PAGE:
Working in just about any profession can put one at risk of repetitive stress injuries of the upper extremities. By contrast, RSI of the lower extremities usually occur in people whose jobs keep them on their feet for a significant portion of the day.
However, this does not necessarily involve intensive manual labor. Teachers, nurses and people who work in retail may be at risk for lower-extremity repetitive stress injury because of the time they spend standing, walking and sometimes climbing stairs. Many types of work-related lower extremity RSI can occur; these are some of the most common ones.
Shaped like a bowstring, the plantar fascia is a tough band of tissue that supports the arch of the foot. As one walks, the plantar fascia works as a shock absorber. However, according to the Mayo Clinic, jobs that require long hours standing or walking on hard surfaces can put pressure on the plantar fascia, causing it to stretch and tear. Plantar fasciitis pain tends to get better with activity and worse with rest. Patients often report a stabbing pain near the heel on the bottom of the foot.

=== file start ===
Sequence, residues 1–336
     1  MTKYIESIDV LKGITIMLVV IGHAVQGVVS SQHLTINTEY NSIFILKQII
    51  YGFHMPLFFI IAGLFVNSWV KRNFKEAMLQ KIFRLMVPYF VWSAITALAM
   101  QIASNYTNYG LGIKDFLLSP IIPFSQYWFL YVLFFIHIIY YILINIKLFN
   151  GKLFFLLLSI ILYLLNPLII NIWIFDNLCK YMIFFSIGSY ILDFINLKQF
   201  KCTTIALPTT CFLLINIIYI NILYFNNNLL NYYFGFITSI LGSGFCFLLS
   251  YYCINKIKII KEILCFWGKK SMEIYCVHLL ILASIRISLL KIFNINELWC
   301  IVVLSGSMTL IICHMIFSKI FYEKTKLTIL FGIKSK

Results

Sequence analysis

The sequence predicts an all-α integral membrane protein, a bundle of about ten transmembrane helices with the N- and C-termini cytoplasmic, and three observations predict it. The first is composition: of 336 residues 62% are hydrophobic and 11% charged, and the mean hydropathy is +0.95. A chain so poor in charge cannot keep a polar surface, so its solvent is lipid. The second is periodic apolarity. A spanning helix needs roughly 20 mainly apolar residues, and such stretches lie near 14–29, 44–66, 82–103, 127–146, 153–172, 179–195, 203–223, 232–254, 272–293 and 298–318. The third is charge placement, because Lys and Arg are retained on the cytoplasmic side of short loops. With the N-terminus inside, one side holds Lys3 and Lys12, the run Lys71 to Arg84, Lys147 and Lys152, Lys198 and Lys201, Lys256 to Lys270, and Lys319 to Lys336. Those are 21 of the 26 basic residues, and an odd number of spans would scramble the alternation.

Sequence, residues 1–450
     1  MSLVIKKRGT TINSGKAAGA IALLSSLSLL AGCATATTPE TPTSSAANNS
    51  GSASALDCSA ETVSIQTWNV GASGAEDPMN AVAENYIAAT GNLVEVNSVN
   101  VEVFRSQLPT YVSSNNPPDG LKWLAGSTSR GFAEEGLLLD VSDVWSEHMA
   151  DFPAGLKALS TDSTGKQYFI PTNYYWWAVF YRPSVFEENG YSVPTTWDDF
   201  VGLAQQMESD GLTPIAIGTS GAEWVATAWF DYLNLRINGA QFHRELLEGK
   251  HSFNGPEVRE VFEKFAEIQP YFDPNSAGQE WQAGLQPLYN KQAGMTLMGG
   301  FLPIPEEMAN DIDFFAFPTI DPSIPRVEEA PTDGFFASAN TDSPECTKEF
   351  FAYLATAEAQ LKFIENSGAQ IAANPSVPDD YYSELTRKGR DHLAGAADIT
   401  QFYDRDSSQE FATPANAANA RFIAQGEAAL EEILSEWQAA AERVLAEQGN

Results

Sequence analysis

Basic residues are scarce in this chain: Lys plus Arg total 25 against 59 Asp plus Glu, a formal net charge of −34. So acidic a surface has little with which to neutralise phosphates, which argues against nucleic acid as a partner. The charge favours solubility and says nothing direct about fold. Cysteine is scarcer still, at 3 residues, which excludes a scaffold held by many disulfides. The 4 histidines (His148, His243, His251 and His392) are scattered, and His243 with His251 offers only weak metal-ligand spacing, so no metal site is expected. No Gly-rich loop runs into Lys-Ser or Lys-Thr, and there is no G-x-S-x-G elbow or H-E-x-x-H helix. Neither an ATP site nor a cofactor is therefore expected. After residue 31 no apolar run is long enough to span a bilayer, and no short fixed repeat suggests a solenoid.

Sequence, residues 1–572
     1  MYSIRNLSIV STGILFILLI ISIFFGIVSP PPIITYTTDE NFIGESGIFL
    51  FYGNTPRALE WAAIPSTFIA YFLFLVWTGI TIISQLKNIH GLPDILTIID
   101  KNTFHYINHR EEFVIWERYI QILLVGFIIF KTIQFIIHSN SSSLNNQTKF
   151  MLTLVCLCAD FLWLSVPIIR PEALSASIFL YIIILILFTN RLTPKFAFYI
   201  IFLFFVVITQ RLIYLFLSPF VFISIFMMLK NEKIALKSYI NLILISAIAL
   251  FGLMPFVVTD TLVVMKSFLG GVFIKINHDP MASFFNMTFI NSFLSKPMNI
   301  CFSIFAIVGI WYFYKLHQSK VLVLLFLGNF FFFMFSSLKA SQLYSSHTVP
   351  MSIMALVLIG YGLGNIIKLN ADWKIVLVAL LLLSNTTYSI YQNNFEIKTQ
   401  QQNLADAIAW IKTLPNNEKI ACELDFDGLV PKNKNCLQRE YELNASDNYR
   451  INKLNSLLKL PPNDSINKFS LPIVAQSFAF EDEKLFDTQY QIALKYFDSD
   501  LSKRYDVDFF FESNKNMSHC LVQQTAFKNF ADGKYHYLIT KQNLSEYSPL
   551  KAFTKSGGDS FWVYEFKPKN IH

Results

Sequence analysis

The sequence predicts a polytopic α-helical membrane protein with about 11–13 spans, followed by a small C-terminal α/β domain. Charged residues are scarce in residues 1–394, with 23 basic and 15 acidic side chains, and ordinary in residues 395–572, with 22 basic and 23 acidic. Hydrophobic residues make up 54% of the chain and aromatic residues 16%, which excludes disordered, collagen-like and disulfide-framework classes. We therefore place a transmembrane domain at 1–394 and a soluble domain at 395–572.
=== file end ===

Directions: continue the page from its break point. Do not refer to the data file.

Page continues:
The greater trochanter is a part of the femur, i.e., the long bone of the upper leg. It extends outward from where the head of the femur articulates with the hip. The trochanteric bursa is a sac of fluid that covers the greater trochanter, cushioning and protecting it. Irritation of the bursa results in a painful condition of trochanteric bursitis. The Cleveland Clinic explains that the bursa can become irritated and inflamed due to overuse. Examples may include standing for a long period of time or frequently climbing stairs.